Inside the Collection

National Science Week: Scientific Icons

It’s National Science Week! Tune in each day to meet MAAS’ science curators, discover objects from our wonderful science collection and find out what a science curator actually does in a day.

The Cochlear implant or 'bionic ear'
The Cochlear implant or ‘bionic ear’, which has restored hearing to thousands of people with profound hearing loss (2003/134/2). Image: Ryan Hernandez, Museum of Applied Arts and Sciences.

Australia is no stranger to great inventions: from WiFi to Ultrasound scanners, solar cell technology to pacemakers, Australian scientists have been responsible for countless scientific advances that have changed the world for the better. And for National Science Week 2017, we’re taking a look at some great scientific and technological innovations made right here in Australia, now preserved in the MAAS collection.

Bionic Ear

Originally financed through a TV fundraiser due to lack of interest from the Government or other investors, Dr Graeme Clark’s invention of the Cochlear Implant, or ‘bionic ear’ has since changed the lives of hundreds of thousands of adults and children who suffer from profound hearing loss. The device uses an external microphone to pick up sounds, which are then digitised and wirelessly transmitted to the electrode array implanted in the inner ear (the cochlear). The electrical signals from this array stimulate the inner ear, restoring hearing to the user.

Perhaps even more amazing is the miniaturisation of components in a Cochlear Implant. Below is a photo of an early prototype of the speech processing unit (the part that captures and digitises the sound), which was used to demonstrate the feasibility of the device and was a critical step in the development of this research. It is incredible to think that all of this now fits in the discreet final product. Importantly, the two-part design also allows the user to change out the external parts without surgically replacing the implanted device.

Prototype wearable speech processor
Prototype wearable speech processor, from which the Cochlear Implant was later developed (2011/10/2). Image: Marinco Kojdanovski, Museum of Applied Arts and Sciences.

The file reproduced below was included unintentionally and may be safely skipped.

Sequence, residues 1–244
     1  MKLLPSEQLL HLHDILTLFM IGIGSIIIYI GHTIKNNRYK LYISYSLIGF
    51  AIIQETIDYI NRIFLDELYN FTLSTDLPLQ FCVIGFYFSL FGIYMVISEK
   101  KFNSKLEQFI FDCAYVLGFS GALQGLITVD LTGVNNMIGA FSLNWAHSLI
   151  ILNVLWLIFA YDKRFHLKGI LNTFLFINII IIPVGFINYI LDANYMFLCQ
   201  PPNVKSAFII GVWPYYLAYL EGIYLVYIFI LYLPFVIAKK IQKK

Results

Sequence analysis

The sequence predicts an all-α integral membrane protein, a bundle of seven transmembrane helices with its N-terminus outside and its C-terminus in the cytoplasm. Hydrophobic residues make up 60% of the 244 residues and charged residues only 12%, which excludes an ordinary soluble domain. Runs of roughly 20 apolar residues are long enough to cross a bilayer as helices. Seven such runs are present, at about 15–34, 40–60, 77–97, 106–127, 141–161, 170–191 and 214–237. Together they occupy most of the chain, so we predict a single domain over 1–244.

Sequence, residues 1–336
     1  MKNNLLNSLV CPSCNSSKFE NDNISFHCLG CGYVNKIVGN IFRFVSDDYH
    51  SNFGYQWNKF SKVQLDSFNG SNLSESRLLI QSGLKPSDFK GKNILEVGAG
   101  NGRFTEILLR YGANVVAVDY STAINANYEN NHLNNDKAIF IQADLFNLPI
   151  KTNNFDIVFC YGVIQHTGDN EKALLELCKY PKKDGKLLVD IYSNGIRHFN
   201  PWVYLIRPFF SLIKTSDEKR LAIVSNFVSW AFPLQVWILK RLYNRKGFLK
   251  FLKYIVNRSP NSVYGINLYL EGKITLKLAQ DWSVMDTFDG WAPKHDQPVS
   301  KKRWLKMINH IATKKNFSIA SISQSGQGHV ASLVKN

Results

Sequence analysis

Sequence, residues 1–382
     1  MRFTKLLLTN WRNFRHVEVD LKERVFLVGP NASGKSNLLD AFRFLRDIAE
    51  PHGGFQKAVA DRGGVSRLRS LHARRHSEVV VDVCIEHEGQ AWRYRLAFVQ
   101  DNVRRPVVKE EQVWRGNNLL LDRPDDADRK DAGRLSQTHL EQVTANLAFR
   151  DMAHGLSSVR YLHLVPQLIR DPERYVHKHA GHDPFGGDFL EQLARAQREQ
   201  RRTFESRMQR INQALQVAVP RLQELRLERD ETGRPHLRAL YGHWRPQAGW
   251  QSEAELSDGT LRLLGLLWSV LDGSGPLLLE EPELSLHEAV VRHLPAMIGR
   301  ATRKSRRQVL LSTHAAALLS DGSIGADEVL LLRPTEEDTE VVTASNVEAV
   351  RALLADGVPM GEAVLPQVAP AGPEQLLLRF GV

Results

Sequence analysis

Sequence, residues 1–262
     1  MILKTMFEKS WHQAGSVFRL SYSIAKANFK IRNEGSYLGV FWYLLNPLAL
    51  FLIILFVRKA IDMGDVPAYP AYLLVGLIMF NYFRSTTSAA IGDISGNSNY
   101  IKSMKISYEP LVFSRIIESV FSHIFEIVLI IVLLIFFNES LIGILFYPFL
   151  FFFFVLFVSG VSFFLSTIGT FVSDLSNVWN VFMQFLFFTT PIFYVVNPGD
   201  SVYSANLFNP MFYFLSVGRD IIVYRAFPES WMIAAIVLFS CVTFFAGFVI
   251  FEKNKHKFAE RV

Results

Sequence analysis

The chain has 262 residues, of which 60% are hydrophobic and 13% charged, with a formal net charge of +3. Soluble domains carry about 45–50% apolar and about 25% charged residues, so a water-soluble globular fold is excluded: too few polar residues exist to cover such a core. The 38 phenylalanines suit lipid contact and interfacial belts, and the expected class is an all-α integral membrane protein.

Black Box Flight Recorder

The black box flight recorder is perhaps most famous because it is neither black nor box-shaped, but instead bright orange and shaped like an egg. Another life-changing invention that initially struggled to gain support in Australia, its inventor David Warren instead travelled to the UK to develop the idea.

The concept for the flight recorder came to Warren in 1953 while working with a team to investigate a series of recent airliner crashes. He realised that if a voice recorder could be designed to survive the impact of a crash, it would allow the last moments of the flight to be replayed. By hearing what was happening in the cockpit moments before disaster, it would help investigators to determine the cause of the crash and improve aircraft safety.

Now, of course, these flight recorders are legally required on every commercial aircraft, and have made air a much safer way to travel. And the name, if you’re wondering, comes from the generic term ‘black box’ which refers to any device where the input and output can be observed, but which doesn’t allow the inner workings to be understood: the flight recorder’s exterior gives no clues as to what its function is; this exterior is virtually indestructible though.

The black box flight recorder
The black box flight recorder which was invented by Australian scientist Dr David Warren and has dramatically improved safety in the airline industry (92/297). Image: Marinco Kojdanovski, Museum of Applied Arts and Sciences.

Miracle Mould

These samples of Penicillium notatum, often referred to as ‘miracle mould’, were grown in the laboratory by Sir Howard Florey and document one of the greatest ever advances in medical history. This type of mould exudes a sludge which was discovered to kill many kinds of dangerous bacteria and cure the infectious diseases that they cause. The extraction of the molecule Penicillin from the mould sludge gave us the world’s first widely available antibiotic and changed the course of medicine forever.

Australian-born Florey didn’t discover the mould or the substance it produces, but his lab in Oxford was a pioneer in interdisciplinary science, with teams of biologists, bacteriologists, biochemists, pathologists, physiologists and doctors all working together and sharing data. Florey was instrumental in developing these networks and identifying scientists with the required knowledge and expertise, without which the extraction of Penicillin would never have been possible. In 1945 Florey shared the Nobel Prize in Physiology or Medicine with Sir Ernst Boris Chain and Sir Alexander Fleming for his role in the discovery.

Preserved specimens of 'Penicillium notatum'
Preserved specimens of ‘Penicillium notatum’ (penicillin mould) from the laboratories of Sir Howard Florey. Image: Marinco Kojdanovski, Museum of Applied Arts and Sciences.

All three of these objects are currently on display in Icons: From the MAAS Collection.

And remember, if you get the chance, there are a wealth of opportunities to get involved with science this week as part of the Sydney Science Festival.

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